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He was born in Conegliano, in the region of Veneto, Italy, on September 26, 1877. He studied Medicine at Rome and Turin, later specializing in neurology and neuropsychiatry. He studied with the most eminent neurologists of his time, first in Paris, France, with Pierre Marie and Dupré, then in Munich, Germany, with Emil Kraepelin (the "father" of modern scientific psychiatry) and Alois Alzheimer (the discoverer of the most common form of senile dementia, which today bears his name); and in Heidelberg, with Franz Nissl, a neuropathologist.
After his studies, he was appointed head of the Neurobiological Institute, at the Mental Institute of Milan. In 1924 he was given a lecturing post in Neuropsychiatry in Bari; then, in 1928, he took over the post of Prof. Enrico Morselli, at the University of Genoa. Finally, in 1935, he became the Chair of the Department of Mental and Neurological Diseases at the University of Rome La Sapienza, where he developed electroconvulsive therapy for the treatment of several kinds of mental disorders, a discovery which made him world-famous.
Cerletti came to the first use of electroshock for therapeutic purposes in human beings by way of his experiments with animals on the neuropathological consequences of repeated epilepsy attacks. In Genoa, and later in Rome, he used an electroshock apparatus to provoke repeatable, reliable epileptic fits in dogs and other animals. The idea to use ECT in humans came first to him by watching pigs being anesthetised with electroshock before being butchered, in Rome. Furthermore, since 1935, metrazol, an epileptogenic drug, and insulin, a hormone, were in wide use in many countries to treat schizophrenics, with great success. This approach was based on Nobel winner Julius Wagner-Jauregg's research on the use of malaria-induced convulsions to treat some nervous and mental disorders, such as the general paresis of the insane, caused by neural syphilis, as well as on Ladislas J. Meduna's theory that schizophrenia and epilepsy were antagonistic, which eventually led, in the same period, to institute insulin-coma therapy in psychiatry, by Manfred Sakel, in 1933.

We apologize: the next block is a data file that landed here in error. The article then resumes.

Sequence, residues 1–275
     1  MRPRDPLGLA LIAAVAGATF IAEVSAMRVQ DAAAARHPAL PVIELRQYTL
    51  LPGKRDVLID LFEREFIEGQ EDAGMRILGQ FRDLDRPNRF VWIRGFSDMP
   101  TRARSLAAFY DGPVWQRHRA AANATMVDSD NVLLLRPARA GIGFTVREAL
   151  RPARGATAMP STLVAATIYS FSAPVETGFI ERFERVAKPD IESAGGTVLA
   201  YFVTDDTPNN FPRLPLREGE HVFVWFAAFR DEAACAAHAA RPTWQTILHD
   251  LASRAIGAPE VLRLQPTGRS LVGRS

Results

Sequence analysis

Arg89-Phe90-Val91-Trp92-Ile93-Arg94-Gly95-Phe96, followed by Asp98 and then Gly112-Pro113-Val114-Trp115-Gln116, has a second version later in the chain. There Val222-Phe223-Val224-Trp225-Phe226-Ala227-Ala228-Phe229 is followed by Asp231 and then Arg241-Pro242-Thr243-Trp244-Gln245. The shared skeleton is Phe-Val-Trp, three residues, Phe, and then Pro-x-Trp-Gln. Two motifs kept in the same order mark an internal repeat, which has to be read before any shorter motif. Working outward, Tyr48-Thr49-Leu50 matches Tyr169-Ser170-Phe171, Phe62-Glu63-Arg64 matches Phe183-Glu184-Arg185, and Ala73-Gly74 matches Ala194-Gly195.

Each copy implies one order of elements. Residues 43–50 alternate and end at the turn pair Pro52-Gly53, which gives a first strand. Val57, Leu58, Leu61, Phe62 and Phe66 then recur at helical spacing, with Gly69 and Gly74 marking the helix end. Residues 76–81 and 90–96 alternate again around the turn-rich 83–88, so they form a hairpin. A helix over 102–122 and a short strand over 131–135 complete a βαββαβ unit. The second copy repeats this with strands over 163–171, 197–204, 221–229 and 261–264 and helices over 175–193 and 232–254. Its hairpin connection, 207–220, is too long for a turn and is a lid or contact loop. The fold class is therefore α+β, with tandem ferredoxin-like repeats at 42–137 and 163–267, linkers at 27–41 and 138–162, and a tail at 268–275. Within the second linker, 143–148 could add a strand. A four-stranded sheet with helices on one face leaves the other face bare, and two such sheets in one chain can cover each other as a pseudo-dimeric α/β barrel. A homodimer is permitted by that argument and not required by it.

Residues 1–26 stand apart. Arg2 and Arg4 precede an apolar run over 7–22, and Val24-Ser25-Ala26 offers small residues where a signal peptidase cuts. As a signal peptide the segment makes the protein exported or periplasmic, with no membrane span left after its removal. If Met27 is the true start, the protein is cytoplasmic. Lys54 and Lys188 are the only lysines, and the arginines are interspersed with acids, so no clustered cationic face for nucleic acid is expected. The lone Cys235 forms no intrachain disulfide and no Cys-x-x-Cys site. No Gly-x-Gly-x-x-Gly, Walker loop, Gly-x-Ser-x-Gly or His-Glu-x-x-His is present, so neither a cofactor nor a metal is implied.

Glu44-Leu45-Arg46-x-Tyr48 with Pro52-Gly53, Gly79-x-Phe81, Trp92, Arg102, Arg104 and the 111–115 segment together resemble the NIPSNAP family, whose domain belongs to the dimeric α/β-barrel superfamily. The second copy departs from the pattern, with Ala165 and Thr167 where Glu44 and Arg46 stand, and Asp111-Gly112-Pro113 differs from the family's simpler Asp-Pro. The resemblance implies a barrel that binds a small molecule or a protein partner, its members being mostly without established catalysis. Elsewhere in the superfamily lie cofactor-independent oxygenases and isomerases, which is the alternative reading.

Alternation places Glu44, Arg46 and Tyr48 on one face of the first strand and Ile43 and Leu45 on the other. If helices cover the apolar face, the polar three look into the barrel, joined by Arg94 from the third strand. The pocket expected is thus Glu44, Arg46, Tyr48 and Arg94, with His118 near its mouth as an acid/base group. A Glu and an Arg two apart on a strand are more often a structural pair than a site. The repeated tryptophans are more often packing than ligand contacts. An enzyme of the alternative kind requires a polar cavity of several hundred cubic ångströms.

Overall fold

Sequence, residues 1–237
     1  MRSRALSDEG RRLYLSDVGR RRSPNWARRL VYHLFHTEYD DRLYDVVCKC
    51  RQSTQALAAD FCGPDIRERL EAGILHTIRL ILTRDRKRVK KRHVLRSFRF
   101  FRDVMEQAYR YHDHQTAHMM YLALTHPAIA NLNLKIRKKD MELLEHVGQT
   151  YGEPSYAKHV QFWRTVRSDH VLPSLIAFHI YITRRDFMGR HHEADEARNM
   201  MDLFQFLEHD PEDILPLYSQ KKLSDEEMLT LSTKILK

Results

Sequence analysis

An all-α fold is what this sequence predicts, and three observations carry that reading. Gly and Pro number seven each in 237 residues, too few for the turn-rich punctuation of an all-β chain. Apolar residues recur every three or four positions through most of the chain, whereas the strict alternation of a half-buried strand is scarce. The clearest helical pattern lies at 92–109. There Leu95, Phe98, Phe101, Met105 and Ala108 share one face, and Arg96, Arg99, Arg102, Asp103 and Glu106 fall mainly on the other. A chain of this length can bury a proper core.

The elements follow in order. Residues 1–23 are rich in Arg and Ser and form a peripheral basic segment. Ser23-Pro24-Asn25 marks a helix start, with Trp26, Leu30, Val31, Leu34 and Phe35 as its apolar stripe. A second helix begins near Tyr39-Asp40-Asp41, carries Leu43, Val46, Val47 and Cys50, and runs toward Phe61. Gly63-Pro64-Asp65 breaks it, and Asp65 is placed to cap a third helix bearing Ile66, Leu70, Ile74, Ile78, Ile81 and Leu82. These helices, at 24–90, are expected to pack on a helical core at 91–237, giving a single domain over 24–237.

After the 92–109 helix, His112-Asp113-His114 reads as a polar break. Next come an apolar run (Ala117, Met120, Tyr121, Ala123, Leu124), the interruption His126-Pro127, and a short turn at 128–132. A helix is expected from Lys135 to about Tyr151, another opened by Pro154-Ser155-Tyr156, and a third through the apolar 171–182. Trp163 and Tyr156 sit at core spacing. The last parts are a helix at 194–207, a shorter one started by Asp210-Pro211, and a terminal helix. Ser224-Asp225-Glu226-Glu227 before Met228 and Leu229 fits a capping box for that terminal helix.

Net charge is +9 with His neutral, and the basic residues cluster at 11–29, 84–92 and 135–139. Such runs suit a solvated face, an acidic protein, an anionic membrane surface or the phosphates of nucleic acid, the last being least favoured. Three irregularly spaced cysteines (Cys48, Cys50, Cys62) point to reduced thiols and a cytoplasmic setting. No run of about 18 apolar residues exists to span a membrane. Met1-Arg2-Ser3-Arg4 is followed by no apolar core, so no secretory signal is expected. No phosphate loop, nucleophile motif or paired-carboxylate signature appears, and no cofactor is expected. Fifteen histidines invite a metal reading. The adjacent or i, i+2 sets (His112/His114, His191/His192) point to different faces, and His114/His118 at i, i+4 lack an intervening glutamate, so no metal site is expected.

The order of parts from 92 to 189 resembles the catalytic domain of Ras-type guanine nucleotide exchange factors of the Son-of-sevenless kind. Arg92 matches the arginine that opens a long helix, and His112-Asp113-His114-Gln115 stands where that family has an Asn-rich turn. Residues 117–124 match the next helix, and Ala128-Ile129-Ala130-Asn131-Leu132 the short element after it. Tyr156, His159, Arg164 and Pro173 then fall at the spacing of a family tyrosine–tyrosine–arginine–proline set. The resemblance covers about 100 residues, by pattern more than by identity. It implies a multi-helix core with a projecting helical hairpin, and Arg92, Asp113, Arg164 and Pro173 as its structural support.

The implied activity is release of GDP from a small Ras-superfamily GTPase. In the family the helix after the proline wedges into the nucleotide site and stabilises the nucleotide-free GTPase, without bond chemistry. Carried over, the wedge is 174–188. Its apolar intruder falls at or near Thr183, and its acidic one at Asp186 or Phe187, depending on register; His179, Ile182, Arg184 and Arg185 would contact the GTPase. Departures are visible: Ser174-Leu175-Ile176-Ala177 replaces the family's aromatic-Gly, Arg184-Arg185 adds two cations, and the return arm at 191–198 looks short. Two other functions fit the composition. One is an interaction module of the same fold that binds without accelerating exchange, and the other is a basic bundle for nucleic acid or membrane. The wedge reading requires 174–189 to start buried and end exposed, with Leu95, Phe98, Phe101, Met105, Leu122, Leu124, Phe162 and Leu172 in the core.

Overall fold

Cerletti first used ECT in a human patient, a diagnosed schizophrenic with delusions, hallucinations and confusion, in April 1938, in collaboration with Lucio Bini. A series of electroshocks were able to return the patient to a normal state of mind. Thereafter, in the succeeding years, Cerletti and his coworkers experimented with thousands of electroshocks in hundreds of animals and patients, and were able to determine its usefulness and safety in clinical practice, with several indications, such as in acute schizophrenia, manic-depressive illness, major depression episodes, etc. His work was very influential, and ECT quickly spread out as a therapeutic procedure all over the world.
As a result of his experiments, which took him from the psychiatric hospital to the abbatoir and the zoologic gardens, Cerletti developed a theory that ECT caused the brain to produce vitalising substances, which he called "agro-agonines" (from the Greek for extreme struggle). He put his theory into practice by injecting patients with a suspension of electroshocked pig brain, with encouraging results. Although electroshocked pig brain therapy was used by a few psychiatrists in Italy, France and Brazil it did not become as popular as ECT, which soon replaced metrazol therapy all over the world because it was cheaper, less frightening and more convenient. Cerletti and Bini were nominated for a Nobel Prize but didn't get one.
In his long activity as a psychiatrist and neurologist, Cerletti published 113 original papers, about the pathology of senile plaques in Alzheimer's disease, on the structure of neuroglia, the blood-brain barrier, syphilis, etc. In 1950 he received a honorary degree by the Collège de Sorbonne at the University of Paris, in addition to a long list of other awards and degrees.
Cerletti died in Rome, on July 25, 1963.
|This article is licensed under the GNU Free Documentation License. It uses material from the Wikipedia article "Ugo_Cerletti". A list of authors is available in Wikipedia.|